Sunday, December 25, 2011
Saturday, December 24, 2011
Sunday, December 18, 2011
Friday, December 16, 2011
Ricardo Villagran and Eduardo Barreto from the san Diego Con a few years back
Wednesday, December 14, 2011
This lonely painting, discarded by some art student from PAFA at the trashcan near the former Occupy Philly spot at City Hall seems to pretty much sum up the fact that the semester is over and life rolls on.
The fall semester of my senior year has come to an end at PAFA, and with it also has come the end of my undergrad classes in the Certificate program at the school. I still have one more semester, Spring, which starts in January, but I will have no classes, just studio time and my three critics since I have completed all of my requirements for my drawing, painting and liberal arts classes. So in a big way "Schools out!" like the song. So from now until I graduate next May I will just be painting my arse off in the studio!
As thr room heated up my fellow students drung themselves in, one-by-one to set uo their work done during the semester in class
My last class was last Friday in Life painting with Peter van Dyck and my last studio crit was yesterday with Celia Riesman. After my class on Friday I sat in on the last round of MFA crits at school on the 8th floor. Since I am planning on applying to the Masters Program I thought it would be good to see more of the work and the critique process and comments.
I thought there was some very nice work and frankly just some aweful work as well, but that seems to be grad school in my search around looking at schools. in fact I'd say there was 99% crap when I look at most grad schools, scribble and drips seems to pass for most when it comes to any form of drawing and painting, at least at the Academy we still have some real painters in the masters program.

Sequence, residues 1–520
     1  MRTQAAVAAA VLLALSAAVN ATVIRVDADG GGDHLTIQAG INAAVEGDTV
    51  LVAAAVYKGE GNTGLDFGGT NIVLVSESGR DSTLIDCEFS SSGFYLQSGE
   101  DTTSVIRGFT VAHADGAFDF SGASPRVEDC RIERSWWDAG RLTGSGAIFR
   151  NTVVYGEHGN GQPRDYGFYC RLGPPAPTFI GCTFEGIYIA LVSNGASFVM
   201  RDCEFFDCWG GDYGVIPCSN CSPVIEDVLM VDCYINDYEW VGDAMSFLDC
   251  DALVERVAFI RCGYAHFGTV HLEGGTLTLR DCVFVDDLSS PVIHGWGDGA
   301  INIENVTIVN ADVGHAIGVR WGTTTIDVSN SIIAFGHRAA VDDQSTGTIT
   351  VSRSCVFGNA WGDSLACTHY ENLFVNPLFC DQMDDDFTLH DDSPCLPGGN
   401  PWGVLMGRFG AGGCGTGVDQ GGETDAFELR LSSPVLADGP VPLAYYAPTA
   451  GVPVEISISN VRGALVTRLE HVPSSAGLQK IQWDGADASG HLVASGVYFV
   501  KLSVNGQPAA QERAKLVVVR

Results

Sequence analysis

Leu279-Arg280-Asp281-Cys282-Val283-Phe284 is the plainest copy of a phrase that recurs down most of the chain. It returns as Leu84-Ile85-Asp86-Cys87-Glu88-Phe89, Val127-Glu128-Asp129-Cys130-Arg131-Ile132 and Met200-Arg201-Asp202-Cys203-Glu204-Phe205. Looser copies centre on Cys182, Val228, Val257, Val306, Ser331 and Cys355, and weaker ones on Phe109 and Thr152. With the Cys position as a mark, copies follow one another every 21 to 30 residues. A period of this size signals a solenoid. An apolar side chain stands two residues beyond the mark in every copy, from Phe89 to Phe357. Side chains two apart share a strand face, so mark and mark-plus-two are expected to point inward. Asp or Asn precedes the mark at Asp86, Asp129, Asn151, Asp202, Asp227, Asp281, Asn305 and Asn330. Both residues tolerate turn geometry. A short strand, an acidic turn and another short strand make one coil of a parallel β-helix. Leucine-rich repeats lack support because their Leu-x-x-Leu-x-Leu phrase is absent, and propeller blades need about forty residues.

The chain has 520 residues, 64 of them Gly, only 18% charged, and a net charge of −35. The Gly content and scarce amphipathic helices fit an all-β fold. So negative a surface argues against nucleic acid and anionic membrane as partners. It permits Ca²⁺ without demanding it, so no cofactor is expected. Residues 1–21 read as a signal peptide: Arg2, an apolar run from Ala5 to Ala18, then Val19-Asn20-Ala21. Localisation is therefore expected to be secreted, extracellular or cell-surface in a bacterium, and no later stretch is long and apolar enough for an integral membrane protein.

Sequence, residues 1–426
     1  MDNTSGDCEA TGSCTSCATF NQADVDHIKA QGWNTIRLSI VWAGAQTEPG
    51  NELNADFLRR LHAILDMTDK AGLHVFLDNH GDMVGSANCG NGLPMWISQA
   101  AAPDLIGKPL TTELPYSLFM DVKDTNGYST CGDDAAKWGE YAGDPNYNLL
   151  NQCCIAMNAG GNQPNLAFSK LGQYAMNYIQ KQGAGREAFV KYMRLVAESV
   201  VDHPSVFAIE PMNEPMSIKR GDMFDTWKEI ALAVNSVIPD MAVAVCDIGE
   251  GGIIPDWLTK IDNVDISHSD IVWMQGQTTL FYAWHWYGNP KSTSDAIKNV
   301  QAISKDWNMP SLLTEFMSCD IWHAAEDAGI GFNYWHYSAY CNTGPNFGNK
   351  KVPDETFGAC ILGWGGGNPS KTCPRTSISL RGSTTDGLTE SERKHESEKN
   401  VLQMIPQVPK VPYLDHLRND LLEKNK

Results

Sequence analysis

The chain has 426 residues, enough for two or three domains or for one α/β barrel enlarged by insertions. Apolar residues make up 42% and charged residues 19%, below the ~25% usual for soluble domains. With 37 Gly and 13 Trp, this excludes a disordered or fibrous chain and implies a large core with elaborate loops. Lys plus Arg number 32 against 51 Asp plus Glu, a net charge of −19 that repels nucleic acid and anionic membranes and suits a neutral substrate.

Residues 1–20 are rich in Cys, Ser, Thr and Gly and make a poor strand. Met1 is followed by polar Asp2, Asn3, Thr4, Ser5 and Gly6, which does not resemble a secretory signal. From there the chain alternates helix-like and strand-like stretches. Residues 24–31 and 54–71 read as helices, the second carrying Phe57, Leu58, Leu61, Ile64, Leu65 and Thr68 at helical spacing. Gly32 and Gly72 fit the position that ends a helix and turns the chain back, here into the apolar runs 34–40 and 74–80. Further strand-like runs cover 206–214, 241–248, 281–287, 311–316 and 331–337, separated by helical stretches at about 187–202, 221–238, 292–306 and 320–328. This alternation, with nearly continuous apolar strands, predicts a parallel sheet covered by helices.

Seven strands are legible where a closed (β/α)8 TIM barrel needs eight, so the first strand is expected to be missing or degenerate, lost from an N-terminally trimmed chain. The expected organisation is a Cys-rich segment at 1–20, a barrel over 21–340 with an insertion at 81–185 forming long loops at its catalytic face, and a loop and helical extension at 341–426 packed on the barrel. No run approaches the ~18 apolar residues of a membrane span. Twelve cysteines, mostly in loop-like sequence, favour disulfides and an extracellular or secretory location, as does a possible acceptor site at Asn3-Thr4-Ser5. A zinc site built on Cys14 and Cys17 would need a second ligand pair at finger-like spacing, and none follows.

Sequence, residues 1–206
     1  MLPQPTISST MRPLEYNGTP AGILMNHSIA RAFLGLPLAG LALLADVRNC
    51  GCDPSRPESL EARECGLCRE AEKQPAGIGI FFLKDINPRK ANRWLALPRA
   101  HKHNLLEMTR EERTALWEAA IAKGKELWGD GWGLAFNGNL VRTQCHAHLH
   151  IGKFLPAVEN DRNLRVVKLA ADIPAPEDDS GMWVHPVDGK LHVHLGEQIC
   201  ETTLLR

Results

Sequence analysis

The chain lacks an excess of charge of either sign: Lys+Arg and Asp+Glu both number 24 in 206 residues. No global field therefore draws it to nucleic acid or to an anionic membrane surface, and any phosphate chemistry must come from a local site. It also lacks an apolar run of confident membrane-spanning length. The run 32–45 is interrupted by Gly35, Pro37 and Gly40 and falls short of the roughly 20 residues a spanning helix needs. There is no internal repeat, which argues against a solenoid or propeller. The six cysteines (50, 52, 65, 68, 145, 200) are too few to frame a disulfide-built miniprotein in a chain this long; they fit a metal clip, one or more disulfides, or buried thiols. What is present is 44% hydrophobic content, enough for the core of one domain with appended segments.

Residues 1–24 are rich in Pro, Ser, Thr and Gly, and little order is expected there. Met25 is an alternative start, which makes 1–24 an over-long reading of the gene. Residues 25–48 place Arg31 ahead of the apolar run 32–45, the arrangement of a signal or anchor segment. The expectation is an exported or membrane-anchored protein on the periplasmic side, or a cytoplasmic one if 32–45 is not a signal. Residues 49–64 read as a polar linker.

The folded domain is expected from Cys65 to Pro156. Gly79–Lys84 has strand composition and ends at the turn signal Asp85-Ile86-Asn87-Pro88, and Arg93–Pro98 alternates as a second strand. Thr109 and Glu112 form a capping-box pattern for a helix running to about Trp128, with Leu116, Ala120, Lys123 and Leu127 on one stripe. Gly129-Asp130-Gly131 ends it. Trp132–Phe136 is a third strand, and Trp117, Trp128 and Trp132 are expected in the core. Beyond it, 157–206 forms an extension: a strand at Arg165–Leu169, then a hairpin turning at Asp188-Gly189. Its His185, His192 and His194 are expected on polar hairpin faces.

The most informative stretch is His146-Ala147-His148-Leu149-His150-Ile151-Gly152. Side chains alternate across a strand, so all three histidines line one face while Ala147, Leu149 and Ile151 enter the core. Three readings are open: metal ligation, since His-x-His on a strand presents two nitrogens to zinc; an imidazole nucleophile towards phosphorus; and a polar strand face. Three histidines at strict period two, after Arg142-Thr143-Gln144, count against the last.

Sunday, December 11, 2011
Thursday, December 08, 2011
Sunday, December 04, 2011
Saturday, December 03, 2011
The show also opened as the same night as the annual Student Print Show opened. Ihat show was packed and very well attended and I heard that sales were good. Yester
Now all that awaits next week is the last three crits with my critics and then the winter break begins!
Monday, November 28, 2011
However, I do know that dramatic light events interest me very much as a painter. I love light raking across a zone, and area, be it a city block, grove of trees or still life, what have you. That morning I drove into the city on the way to school the light was so great that I just had to whip out my camera while driving and started snapping a zillion shots on the way down Market Street. I also feel strongly the better the photo the easier it is to work with the photo as a source for a painting. If you start with a photo with a great composition that starts you on the good path no matter what you do later or how much you use or discard from the photo. I should also go on record here as saying I have no issue with working from photos, some artists do, but I don't. My thinking and my way is to use the photo as the start but not the end and I draw from it as I would from life, I also work from multiple pictures when I can. All my years in comics and commercial art have given me plenty of experience working with photos so I think I can avoid the pitfalls the can bring. I am working for what works as a painting.